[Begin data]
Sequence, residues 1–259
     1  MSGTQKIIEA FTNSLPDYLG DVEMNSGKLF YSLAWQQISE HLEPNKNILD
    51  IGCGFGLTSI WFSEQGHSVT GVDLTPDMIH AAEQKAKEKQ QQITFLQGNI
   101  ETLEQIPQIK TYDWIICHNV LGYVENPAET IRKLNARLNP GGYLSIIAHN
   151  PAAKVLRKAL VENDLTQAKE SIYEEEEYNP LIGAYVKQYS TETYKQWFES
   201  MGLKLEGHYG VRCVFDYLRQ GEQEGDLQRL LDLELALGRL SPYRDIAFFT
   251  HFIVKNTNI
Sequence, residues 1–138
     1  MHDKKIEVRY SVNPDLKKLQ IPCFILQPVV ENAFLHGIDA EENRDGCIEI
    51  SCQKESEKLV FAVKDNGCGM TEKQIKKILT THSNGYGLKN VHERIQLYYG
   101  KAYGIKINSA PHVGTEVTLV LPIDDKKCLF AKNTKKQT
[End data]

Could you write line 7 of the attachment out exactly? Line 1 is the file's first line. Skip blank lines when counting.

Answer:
   251  HFIVKNTNI